Introduction: Finding Direction
This past weekend (Wed/Thurs), I was struggling to find direction on the bus. I wanted to work on the shower, but I was facing a few bottlenecks, hindering me from getting my work done. I want to level my bus just a little more, but the batteries are dead, I can’t find my charger and that process takes a few days. It was rather wet. Perhaps the most relevant excuse is that I’m nervous about making the shower enclosure.
Regardless of which, I have one rule for whenever I find myself stuck.
Clean my outdoor work space as well as the bus, after that reevaluate my situation.
After I did some cleaning, still feeling restless, I thought about a DIY work bench post I saw on reddit a few days ago. “That seems straight forward enough”. For those unfamiliar, my prior work bench was a piece of old plywood from when I removed the old flooring out of the bus, set on top of two wobbly saw horses I got off craigslist for $5.
Featured below, the old work bench was cheap and functional
The old bench was good, but I wanted something with a few more features. Specifically, something which is more level with my welding table so I can have a consistent flat surface to weld on, stronger, and with more storage options. I also recently obtained a pretty sweet bench vice for $15 from craigys and thought it would be cool to utilize this as well.
Initially, I was going to make a topper for the bench to rest on top of the saw horses, however when I got to home depot, they had TONS of carts full of discounted bad lumber. More 2×4’s and 2×6’s than I could comprehend uses for.
Making the bench
I encourage you to view the reddit link referenced above for a more detailed build. I wasn’t really thinking about documenting this so I didn’t take many pictures. But I’m pretty bored at work so.. here I am rambling away.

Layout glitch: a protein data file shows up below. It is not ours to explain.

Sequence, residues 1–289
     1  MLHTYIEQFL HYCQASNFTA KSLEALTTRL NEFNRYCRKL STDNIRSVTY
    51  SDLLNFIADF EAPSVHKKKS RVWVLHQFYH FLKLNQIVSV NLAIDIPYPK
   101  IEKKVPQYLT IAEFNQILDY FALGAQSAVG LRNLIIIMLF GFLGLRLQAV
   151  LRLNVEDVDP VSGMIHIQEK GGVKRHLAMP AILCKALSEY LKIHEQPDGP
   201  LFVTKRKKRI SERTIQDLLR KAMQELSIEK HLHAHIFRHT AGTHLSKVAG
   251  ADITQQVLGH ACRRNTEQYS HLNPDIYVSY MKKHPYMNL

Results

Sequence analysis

The frame is composed of 2×6’s. This was taken about 6 hours into the build to provide a general idea of how it was made. Notice the plywood hinged open on the right hand side.
Another perspective, notice the hinged (and closed plywood on the back side)
The bottom side is misc plywood I pulled off some somewhat nice pallets a year or two ago. I was too lazy to pull the nails out, so I ran them through my table saw and pieced them together/cut them to fit around the table. I put little “shoes” on the bottom of the table, so when they start to rot (because I was too lazy to put a finish coat on it), I can flip the table over and replace the shoes. It’s good to note, that I made this table with the intention to abandon it when I move into the bus, it doesn’t need to be perfect. Just highly functional.
The (mostly) completed Table
Diagrammed for your reference
The cost of this project looks like so.
- 3/4 Plywood about $25
- 2×4’s and 2×6’s about $10
- Screws about $10
- Hinges about $8
Total Cost about $53, not bad.
Since this project turned out better than I thought, in the future I’ll probably:
Reinforce the legs so it can be used by the next tenants.
Split up the back compartment door so it can open from the left or right hand side.
Sand down the table so it is easier to sweep.
And that’s how I used some of my weekend to improve my work space.